A trade agreement with the United Kingdom announced Tuesday aims to strengthen the relationship between the two allies. It came in advance of President Joe Biden’s trip to Europe in an effort to project a unified front against Russia for its invasion of Ukraine.
Under the trade deal, the US agreed to partially lift the tariffs on steel and aluminum produced in the UK that were put in place by the Trump administration in 2018. In return, the UK will lift its retaliatory tariffs on more than $500 million in American exports, including whiskey, motorcycles and various agricultural products.
It’s the latest move by the Biden administration to bolster ties with trading partners while combating what it sees as China’s unfair trade practices. The agreement with the UK also limits British exports from a company that is owned or controlled by a Chinese entity. A similar deal to ease steel and aluminum tariffs was made with the European Union late last year.
The Trump administration argued that the tariffs were needed to protect the American steel and aluminum industries from an oversupply of cheap imports. But the tariffs also made steel and aluminum more expensive for American buyers. The new deal addresses global excess capacity by capping the amount of duty-free British imports allowed into the US.
The deal “is a testament to that ambitious goal and will benefit America’s steel and aluminum industries and workers by protecting manufacturing, as well as consumers by easing inflationary pressures in the US,” Commerce Secretary Gina Raimondo said in a statement Tuesday.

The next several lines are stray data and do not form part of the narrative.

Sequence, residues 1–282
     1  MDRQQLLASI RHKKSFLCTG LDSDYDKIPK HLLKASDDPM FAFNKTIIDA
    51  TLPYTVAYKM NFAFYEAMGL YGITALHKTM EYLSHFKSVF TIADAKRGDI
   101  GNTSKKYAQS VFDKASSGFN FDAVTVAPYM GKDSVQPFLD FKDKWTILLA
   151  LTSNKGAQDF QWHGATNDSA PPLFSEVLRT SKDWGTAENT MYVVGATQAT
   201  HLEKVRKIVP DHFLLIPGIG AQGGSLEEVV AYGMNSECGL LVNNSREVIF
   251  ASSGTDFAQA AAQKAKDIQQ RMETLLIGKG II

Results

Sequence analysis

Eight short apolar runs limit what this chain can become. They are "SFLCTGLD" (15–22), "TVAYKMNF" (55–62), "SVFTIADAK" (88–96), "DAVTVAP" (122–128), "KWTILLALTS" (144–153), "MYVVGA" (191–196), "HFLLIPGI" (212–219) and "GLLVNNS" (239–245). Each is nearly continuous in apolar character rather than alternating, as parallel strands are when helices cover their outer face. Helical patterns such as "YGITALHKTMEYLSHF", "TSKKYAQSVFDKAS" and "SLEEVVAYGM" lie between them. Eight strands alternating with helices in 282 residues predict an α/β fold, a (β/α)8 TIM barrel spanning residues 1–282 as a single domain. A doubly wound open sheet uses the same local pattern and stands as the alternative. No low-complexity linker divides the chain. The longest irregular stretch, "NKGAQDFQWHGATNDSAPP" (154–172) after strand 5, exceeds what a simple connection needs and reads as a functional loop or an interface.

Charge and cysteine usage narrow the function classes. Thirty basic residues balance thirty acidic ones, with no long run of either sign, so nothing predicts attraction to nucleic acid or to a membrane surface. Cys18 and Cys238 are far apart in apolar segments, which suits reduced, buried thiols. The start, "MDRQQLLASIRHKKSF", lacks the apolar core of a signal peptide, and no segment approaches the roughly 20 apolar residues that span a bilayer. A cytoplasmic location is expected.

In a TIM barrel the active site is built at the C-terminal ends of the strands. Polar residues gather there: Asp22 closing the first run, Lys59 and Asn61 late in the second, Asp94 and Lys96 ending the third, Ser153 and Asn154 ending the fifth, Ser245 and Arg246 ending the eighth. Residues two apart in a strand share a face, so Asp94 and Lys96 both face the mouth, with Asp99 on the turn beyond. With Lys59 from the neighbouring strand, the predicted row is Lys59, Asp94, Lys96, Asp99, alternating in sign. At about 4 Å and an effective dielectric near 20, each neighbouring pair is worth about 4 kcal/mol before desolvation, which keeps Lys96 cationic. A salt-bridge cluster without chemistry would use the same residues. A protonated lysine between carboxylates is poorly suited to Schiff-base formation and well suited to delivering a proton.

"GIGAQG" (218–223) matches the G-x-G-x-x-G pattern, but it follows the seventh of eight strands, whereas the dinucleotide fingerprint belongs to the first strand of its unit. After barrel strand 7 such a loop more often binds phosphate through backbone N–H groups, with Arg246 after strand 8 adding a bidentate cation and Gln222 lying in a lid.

In a separate policy change announced Wednesday, the Office of the US Trade Representative said it is reinstating some exclusions from the tariffs imposed on Chinese-made goods that were put in place under the Trump administration.
The agency said that 352 of the eligible exclusions were reinstated retroactively to October 12, 2021, and will expire again after December 31, 2022.
Many American businesses have been waiting on the reinstatement of these exclusions for months, arguing that supply chain disruptions and rising inflation make it even more important that they receive some relief.
The Biden administration had announced in October that it would reinstate some of the waivers. More than 2,000 exclusions were granted under the Trump administration but only 549 are eligible for an extension. A recent letter from a bipartisan group of senators urged the current administration to make more companies eligible for the exclusions.
Despite the relief delivered this week, a majority of the controversial tariffs put in place by the Trump administration on $350 billion worth of Chinese-made goods remain.
Biden is facing pressure from the business community to lift the Trump-era tariffs. But China failed to meet purchase targets it had promised under what’s known as the Phase One agreement, which was signed by then-President Donald Trump and Chinese President Xi Jinping, falling more than $213 billion short of its commitment. Biden suggested earlier this year that’s the reason he’s leaving the tariffs in place.